I think you would be much happier and more productive to instead contract with a local commercial lab whenever you need to do SEM and EDS work. Resurrecting an ancient piece of equipment seldom works as expected and costs much more in the process. If you find  you do sufficient amounts of work, you can then budget for a new SEM for your department.

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    Aaron Tanzer
    Senior Metallurgical Engineer
    Metallurgical & Materials Technologies
    Baton Rouge LA
    (407) 247-9557
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    Metkon USA - Technology behind Specimen


  • 7.  RE: Is this SEM worth salvaging?

    Posted 05-02-2022 15:35
    Aaron - I agree with you, but as they say a "bird in the hand is worth 2 in the bush"......even if the bird has a broken wing.  I have a local lab I use for my failure analysis work, so I have contacts if the need arises.

    Thanks for your observations.....if I do failure work at Baton Rouge, I might reach out to you

    ------------------------------
    Ana Diaz
    Principal Consultant
    APV Consulting
    Chadds Ford PA
    (610) 388-2027
    ------------------------------

    Metkon USA - Technology behind Specimen


  • 8.  RE: Is this SEM worth salvaging?

    Posted 05-03-2022 14:59
    Aaron,  It's worth salvaging for somebody.  We reviewed the mini-SEMS or tabletop SEMs in the past and they were good for student learning but had limitations on range of both sample size and magnification.  In other words, all SEMs are not equal, so you need to determine up-front if this one would even suite your needs.  Things like lens/column alignment are generally known by experienced users and translate well to any SEM, but that assumes you have access to an experienced SEM operator.  Best of luck.

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    Gary Shade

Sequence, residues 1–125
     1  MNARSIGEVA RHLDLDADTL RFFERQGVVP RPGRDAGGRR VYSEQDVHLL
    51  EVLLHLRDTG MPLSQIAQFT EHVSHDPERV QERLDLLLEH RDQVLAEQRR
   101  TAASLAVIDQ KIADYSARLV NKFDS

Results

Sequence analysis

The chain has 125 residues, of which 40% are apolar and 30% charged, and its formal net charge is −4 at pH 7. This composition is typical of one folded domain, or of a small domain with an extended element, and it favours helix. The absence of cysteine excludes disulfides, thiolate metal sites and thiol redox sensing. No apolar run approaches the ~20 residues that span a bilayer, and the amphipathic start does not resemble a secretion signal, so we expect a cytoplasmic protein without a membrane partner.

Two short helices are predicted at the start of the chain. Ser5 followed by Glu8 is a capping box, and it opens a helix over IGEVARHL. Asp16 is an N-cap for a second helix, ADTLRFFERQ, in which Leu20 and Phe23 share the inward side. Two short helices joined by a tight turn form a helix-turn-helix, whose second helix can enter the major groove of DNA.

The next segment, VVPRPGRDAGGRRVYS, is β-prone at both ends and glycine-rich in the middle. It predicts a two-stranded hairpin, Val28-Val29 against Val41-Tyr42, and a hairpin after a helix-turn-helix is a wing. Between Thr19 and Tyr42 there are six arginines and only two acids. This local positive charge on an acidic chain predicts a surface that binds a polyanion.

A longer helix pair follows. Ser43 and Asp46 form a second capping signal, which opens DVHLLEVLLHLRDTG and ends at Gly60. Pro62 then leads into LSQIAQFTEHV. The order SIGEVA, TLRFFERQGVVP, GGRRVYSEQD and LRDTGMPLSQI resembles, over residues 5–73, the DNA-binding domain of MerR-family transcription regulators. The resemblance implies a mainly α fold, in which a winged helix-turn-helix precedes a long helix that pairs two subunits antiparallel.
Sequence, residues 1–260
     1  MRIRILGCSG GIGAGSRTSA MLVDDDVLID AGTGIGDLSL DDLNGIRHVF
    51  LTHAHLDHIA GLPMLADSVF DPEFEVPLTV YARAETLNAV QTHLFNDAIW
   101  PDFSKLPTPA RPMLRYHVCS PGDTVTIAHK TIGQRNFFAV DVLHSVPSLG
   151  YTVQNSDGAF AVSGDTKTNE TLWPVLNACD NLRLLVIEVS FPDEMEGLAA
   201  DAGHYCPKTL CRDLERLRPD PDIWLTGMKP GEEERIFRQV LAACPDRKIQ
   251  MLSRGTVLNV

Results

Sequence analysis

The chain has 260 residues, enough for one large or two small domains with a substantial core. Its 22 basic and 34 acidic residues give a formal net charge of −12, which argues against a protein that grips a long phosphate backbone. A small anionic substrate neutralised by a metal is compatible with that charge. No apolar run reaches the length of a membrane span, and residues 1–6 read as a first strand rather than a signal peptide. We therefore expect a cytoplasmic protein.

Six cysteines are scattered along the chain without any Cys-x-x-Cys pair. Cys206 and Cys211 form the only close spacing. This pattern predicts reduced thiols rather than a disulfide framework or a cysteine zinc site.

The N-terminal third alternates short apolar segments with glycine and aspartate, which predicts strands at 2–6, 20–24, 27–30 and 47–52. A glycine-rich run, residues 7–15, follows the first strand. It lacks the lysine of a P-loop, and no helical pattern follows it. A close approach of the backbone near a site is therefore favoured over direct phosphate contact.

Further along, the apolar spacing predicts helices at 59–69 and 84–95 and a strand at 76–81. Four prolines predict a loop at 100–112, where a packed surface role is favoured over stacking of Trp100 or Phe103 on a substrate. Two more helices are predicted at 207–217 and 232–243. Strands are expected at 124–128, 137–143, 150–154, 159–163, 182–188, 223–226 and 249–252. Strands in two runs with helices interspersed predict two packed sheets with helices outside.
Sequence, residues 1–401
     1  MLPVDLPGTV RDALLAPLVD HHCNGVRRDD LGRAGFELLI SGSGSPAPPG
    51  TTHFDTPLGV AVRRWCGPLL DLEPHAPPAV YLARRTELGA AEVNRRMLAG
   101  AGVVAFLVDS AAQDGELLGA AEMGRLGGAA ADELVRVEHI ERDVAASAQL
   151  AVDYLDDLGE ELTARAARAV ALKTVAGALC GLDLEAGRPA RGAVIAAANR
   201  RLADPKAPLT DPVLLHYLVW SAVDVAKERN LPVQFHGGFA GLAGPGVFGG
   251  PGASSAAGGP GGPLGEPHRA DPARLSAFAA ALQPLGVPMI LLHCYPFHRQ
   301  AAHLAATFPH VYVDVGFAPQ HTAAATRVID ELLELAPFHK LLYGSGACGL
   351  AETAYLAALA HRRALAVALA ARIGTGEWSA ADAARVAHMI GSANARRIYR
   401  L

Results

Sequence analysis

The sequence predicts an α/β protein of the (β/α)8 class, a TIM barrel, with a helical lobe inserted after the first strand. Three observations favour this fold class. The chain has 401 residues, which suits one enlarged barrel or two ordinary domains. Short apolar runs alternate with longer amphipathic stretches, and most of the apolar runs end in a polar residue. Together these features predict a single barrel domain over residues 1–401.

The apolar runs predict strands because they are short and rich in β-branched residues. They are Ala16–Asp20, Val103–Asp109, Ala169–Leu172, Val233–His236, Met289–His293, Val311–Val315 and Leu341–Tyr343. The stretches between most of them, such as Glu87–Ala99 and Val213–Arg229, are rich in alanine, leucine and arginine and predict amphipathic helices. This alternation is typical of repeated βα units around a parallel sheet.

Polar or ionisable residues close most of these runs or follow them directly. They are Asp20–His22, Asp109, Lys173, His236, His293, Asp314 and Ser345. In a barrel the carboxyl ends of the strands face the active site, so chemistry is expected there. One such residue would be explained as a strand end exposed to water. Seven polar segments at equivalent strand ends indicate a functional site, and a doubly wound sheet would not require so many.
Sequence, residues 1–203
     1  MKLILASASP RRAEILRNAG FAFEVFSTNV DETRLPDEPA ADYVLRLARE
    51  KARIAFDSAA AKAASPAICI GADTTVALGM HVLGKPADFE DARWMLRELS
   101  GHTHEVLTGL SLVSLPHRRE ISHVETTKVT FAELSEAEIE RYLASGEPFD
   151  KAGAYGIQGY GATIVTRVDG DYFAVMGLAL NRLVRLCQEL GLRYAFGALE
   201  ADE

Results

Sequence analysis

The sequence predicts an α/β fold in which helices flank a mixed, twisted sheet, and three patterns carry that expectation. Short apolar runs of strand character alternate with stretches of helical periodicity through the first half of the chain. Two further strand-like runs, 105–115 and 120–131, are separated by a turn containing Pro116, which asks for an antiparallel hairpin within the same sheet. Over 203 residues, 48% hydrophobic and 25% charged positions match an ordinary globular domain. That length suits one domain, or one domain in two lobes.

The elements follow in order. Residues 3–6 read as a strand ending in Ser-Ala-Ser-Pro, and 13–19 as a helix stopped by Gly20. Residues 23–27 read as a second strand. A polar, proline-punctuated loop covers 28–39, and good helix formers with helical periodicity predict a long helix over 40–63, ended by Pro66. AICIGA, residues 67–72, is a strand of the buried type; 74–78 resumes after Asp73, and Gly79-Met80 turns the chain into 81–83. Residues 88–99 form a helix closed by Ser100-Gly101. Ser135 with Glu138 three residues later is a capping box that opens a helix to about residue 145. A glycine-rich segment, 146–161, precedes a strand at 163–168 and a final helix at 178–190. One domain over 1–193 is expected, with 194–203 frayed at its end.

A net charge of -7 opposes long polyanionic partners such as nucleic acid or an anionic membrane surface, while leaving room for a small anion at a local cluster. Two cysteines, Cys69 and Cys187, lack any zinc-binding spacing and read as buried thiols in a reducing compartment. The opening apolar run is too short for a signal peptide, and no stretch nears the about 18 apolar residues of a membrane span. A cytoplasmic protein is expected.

Sr. Microelectronics Engineer
    Samtec
    Monument co
    (719) 465-6579
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    Metkon USA - Technology behind Specimen


  • 9.  RE: Is this SEM worth salvaging?

    Posted 05-26-2022 14:31
    Hi Ana,
    As you have student labor available, the costs of running an old machine are probably quite a bit less than going to contractors.  :-)  But you have to maintain a labor pool that knows how to operate/maintain it, and students eventually leave.  Those professors who would like to have it, are they willing to kick in funding or are they just hoping for a free SEM they can use whenever?

    I spent quite a bit of time running an antique JEOL SEM.  We did have a service contract with the manufacturer but it got more expensive every year, probably because the service group was worried that we would need a part that they couldn't scavenge off of a dusty unit sitting in a barn somewhere and they'd end up having to hand-solder some Russian transistors to make it work.  Finally we got a new upper manager who realized that we needed to have rapid response and reliable service in-house (large public utility company) and we were able to buy a current unit.

    We did look at the tabletop style units, even as an auxiliary or second machine to have, or possibly to use in a 'met lab in a van' proposal, but that did not go forward.

    I expect that you have done 'Net searches, but there is a YouTube video about that approximate unit from 2010,
    https://www.youtube.com/watch?v=eaLpj1gK0G4

    and there were references to similar machines that lead to
    www.nanoimages.com/mini__sem
    where you will certainly find someone who wants to sell you something new, but there may be reference material or even service availability for your older unit.  You may even learn that a service visit can be obtained.  That may be a better expense in the long run than having people just tinker with it. Ask if the tech might be coming to your area so you can split the travel expenses with other customers.

    It's important to have service techs who will explain what they are doing to whomever is going to be doing the work.  As you probably know, the basic purchase of an SEM is only the first expense, there's maintenance, a sputter or carbon coater, possible additional purchases (people really like elemental information but you need a detector and software to run it).  Kinda like getting a pet.    Best of luck!   Paul T.


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    Paul Tibbals
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    Metkon USA - Technology behind Specimen